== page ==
Analysis of population admixture

Reference NA and continental populations were used to generate multidimensional scaling (MDS) plots. Figure 2a shows that components 1 and 2 distinguish Africans and Europeans from NAs of Mexico, and the 12 NA individuals clustered within the latter group. Moreover, component 3 separates NAs, showing the 12 NA individuals clustered within 3 of the main NA components described by Moreno-Estrada et al.8 (Fig. 2b). Three-hundred and twelve additional samples from Nahua, Totonaca, Zapoteca, and Maya individuals were genotyped and included in the admixture analysis, revealing the presence of two additional and distinct Southern components: Nahua and Totonaca (Fig. 2c). Thus, the previously described Southern component includes at least three distinctive ancestral components: Nahua, Totonaca, and Zapoteca. Figure 2d shows ancestry proportions of the 12 NAs. The Tarahumara and Tepehuano individuals showed the highest average proportions of the Northern native component, while Mayas and Zapotecas showed higher proportions of their respective reference components. Interestingly, admixture analyses revealed that the four Nahua and Totonaca individuals show a distinct Native substructure. The high demographic and genetic diversity of Nahua-speaking populations is most likely a consequence of the expansion of the Aztec Empire mainly during the Postclassic period (1427–1520 A.D.)16, 17. Because the inclusion of a greater number of Nahuas and Totonacas in the analysis revealed the presence of previously unidentified components, and there are 1.7 million Nahuatl-speaking individuals (the largest indigenous population in Mexico)7, it is necessary to obtain genomic data from different Nahua populations to identify whether Nahuatl-speaking individuals share the Nahua component here identified.

Fig. 2
Fig. 2

Multidimensional scaling plots and admixture analysis. a MDS plot for components 1 and 2 of 12 Native Americans of Mexico combined with continental (CEU and YRI from HapMap) and NA reference populations. b MDS plot for components 1 and 3, separating the NA populations of Mexico. The 12 sequenced NA samples are shown in gray, and population labels are as described in Supplementary Table 8. c Global ancestry proportions of NA and continental reference populations assuming K = 10. d Global ancestry proportions of the 12 NA individuals assuming K = 10. The NA individuals are displayed North-to-South, and the Mestizo individuals are displayed at the far right. Tar1 and Tar2 (Tarahumara), Tep1 and Tep2 (Tepehuano), Nah1 and Nah2 (Nahua), Tot1 and Tot2 (Totonaca), Zap1 and Zap2 (Zapoteca), May1 and May2 (Maya), Mes1 and Mes2 (Mestizo)

Sequence variation of Native Mexican and Mestizo individuals

The mean coverage for all genomes was 40× (Supplementary Table 1). On average, 96.8% of the genome was called for both alleles, and 99.4% of the bases in the reference genome (build 37.2) were covered by at least one read. The mean number of single-nucleotide variants (SNVs) was 3.2 million for the 12 NAs and 3.4 million for the three Mexican Mestizos, while the mean percentage of novel SNVs was 1.76% (Supplementary Table 2). Overall, 0.62% SNVs were located in coding regions, 0.28% were missense, and 0.002% were nonsense. Interestingly, the proportion of novel missense variants predicted to be damaging was higher for novel (30%) than for all missense variants (15%) (Supplementary Table 3). This is consistent with previous observations of an increased proportion of deleterious vs. neutral variation in Mexican-American individuals, compatible with population bottlenecks possibly experienced by NAs18, 19. The distribution of insertions/deletions (indels), copy number variations (CNVs) and mobile element insertions (MEIs) are described in Supplementary Tables 4 and 5.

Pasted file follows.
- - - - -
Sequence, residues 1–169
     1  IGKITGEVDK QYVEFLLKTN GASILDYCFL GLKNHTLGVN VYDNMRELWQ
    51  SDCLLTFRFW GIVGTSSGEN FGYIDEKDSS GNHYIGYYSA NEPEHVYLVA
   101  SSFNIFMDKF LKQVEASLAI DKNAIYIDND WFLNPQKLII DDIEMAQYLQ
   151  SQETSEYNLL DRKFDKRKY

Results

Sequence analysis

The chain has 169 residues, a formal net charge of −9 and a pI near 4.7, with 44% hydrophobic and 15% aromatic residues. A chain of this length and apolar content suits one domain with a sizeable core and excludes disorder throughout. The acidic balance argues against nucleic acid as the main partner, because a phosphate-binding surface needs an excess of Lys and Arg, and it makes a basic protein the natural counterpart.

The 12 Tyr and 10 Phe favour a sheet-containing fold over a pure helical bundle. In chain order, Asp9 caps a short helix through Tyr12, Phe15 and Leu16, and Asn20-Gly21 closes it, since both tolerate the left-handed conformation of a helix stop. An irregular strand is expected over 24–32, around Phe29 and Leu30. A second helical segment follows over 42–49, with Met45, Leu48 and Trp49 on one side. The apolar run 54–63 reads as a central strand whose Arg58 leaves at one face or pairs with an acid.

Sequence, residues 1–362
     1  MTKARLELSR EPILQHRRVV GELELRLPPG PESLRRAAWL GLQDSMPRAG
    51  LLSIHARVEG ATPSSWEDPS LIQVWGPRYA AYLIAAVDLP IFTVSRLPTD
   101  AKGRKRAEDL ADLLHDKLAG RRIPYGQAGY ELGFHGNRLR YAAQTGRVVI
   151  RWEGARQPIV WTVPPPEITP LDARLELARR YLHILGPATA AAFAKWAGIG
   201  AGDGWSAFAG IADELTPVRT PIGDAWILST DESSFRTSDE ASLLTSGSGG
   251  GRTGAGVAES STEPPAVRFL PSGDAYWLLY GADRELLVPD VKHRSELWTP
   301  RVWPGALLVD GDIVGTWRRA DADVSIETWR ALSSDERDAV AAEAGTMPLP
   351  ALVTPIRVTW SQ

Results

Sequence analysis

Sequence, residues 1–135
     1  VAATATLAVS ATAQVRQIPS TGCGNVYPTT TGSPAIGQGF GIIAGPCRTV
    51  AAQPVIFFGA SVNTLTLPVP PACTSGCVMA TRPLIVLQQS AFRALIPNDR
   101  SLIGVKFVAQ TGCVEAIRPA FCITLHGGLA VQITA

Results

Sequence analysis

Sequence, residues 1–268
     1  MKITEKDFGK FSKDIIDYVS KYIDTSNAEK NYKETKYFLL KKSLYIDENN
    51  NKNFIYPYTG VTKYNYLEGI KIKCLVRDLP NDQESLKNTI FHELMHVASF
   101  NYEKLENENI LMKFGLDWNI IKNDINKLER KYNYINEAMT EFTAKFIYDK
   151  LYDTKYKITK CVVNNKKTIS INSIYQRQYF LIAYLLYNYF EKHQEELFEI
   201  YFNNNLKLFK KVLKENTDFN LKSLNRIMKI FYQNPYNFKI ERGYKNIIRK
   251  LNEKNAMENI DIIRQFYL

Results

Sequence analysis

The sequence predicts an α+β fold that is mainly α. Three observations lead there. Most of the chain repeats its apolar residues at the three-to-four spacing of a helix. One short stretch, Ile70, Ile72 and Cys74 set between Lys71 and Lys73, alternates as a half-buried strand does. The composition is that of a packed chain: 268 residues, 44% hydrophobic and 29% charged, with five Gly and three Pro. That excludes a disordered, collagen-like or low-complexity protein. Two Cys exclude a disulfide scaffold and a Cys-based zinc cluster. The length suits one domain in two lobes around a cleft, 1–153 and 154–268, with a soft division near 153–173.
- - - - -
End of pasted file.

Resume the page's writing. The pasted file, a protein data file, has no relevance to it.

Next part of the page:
The mean percentage of SNVs in heterozygosis was similar among NAs, but on average was higher in the Mestizo genomes (59.9%) as compared to the NA genomes (51.8%) (Supplementary Table 6). Considering the three previously described clusters, mean SNV heterozygosis was similar in Northern groups (Tarahumaras and Tepehuanos, 51.4%) Southern groups (Nahuas, Zapotecas, and Totonacas, 51.7%) and Mayas (52.5%). Relatedness between pairs of individuals as assessed by kinship coefficient was highest between both Totonacas (0.0639), suggesting they are third degree relatives. Estimated kinship coefficient between both Tepehuanos was 0.0005, and was zero for Mayas, Nahuas, Zapotecos, and Tarahumaras.

We then compared the local density of SNVs across the genome between the 12 NA and 1000 Genomes (1KG) populations excluding the Americas (AMR) populations (Supplementary Fig. 1). Overall, SNV density was similar in both populations. Notably, chromosome 6 showed three high-density peaks shared by both populations, and one peak found only in the 12 NA genomes. The latter peak includes the PRIM2 gene, which encodes the 58 KDa subunit of DNA primase that plays a key role in DNA replication. This finding is consistent with that observed by Zhang et al.20, who sequenced 35 Korean genomes finding that the PRIM2 gene had an extremely high number of SNVs not found in the 1KG project.